My second trip in March took me to Berlin for a European Fulbright Conference. I had two major take aways from this trip:
1. I love Berlin!
2. I love hanging out with Fulbrighters!
The conference had a lot of free time to mingle and meet other European Fulbrighters. It is amazing the projects and ideas that Fulbright sponsors all over the world. I want to make sure to pause and give a little context to this amazing program.
|Photo Credit: Janet English|
In 1945, Senator William Fulbright introduced a bill to Congress that would establish an exchange between students in the United States and other countries in the fields of education, culture and science in an effort to support peace. If you think about this in the context of history, our global community had just experienced war and division in some of the worst ways. WWII had just ended and the world had seen the power of Hitler to discriminate and torture a group of people resulting in large scale destruction and death. The world was facing the challenge of rebuilding towns and communities that had been shattered in the war and reuniting families that had been torn apart. The world was not peaceful, but this brave Senator decided to do something about it. The bill passed and because of it over 307,000 people have traveled to 155 countries to observe, share and work on projects that promote peace, collaboration, unity and progress. I got to hang with some of these people during my week in Berlin and I couldn’t have been more inspired by them. Thank you President Harry S. Truman for signing this bill in 1946! Without that vision that started 68 years ago, I wouldn’t get to study in Finland or meet such amazing likeminded people from all over Europe.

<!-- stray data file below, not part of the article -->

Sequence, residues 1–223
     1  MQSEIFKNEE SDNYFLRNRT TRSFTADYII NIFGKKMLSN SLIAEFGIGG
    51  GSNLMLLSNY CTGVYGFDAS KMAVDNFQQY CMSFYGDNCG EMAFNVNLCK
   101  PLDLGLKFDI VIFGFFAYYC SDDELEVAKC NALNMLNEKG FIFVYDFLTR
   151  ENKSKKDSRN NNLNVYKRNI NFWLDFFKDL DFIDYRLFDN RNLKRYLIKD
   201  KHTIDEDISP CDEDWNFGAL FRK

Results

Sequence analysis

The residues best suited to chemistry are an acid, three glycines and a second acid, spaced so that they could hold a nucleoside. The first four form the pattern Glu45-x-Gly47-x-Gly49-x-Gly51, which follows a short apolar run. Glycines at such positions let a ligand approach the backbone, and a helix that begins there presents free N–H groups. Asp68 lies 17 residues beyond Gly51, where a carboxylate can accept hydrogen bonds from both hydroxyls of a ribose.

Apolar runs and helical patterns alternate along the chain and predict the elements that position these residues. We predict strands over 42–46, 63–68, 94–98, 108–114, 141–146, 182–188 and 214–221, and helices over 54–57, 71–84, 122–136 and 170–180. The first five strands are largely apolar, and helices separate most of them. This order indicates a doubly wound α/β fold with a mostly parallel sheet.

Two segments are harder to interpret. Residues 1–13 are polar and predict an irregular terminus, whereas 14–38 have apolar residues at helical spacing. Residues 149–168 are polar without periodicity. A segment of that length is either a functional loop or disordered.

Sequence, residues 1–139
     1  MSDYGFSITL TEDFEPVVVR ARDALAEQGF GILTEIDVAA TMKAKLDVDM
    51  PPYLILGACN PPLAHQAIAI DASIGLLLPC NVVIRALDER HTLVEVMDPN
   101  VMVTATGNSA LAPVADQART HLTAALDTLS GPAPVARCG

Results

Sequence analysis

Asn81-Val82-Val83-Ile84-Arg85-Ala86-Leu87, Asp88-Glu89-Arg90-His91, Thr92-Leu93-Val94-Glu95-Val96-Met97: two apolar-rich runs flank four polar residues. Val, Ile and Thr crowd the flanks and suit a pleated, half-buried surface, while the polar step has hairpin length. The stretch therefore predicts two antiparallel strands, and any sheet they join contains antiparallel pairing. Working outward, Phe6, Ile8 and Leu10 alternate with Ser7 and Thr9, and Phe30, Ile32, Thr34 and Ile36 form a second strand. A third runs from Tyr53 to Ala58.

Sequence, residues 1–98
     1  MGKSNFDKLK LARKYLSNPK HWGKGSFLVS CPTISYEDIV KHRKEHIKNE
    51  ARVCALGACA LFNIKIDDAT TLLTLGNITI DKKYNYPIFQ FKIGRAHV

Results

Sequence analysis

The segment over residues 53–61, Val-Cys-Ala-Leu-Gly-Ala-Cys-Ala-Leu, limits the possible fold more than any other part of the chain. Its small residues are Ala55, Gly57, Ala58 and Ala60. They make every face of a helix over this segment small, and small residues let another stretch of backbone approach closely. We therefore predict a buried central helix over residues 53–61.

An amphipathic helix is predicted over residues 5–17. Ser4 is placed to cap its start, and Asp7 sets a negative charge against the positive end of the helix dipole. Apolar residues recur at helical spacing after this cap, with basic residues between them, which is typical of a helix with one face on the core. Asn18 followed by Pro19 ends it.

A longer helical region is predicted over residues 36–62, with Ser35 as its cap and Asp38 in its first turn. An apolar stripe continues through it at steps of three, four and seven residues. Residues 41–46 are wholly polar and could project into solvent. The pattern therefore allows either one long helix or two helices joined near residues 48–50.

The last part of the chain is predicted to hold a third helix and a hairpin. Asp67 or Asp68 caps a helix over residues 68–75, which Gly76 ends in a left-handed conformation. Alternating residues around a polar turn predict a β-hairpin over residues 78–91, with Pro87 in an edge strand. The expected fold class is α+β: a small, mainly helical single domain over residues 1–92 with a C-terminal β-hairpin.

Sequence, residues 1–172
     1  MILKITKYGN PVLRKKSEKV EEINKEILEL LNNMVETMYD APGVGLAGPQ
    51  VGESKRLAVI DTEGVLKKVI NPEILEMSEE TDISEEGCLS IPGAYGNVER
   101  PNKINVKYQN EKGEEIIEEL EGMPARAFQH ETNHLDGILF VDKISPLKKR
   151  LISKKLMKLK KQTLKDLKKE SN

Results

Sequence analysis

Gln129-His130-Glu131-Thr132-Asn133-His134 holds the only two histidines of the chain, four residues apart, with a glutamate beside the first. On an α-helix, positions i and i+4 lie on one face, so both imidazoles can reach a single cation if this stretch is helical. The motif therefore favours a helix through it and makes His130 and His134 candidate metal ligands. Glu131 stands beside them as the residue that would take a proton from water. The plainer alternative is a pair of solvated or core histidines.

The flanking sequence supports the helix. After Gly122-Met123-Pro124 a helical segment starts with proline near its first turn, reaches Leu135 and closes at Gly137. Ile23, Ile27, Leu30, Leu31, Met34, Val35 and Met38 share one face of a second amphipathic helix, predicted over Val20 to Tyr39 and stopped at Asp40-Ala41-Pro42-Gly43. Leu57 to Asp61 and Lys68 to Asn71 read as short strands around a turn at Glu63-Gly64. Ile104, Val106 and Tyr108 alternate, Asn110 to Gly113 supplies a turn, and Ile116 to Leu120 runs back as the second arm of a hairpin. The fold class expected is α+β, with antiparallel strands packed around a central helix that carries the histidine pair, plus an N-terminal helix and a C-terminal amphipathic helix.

And to be able to do this in the setting of Berlin was amazing! If you haven’t been to this city, you should go! It feels as if it is on the brink of something great. Berlin embraces the horrendous history that has taken place in the city and is willing to confront the issues that are at the root of those divisive times. Between the Cold War Museums and the Holocaust remembrances, there is a surprising hope in the city that I haven’t felt in other places I have visited. There is a vibrancy that catches you off guard and makes you want to lean in to hear the conversations that are happening around you. I got to do a lot of different things while I was there so I will let the pictures speak for themselves. Trust me when I say, go to Berlin!
|This is a döner and it is worth going to Berlin just to eat one!|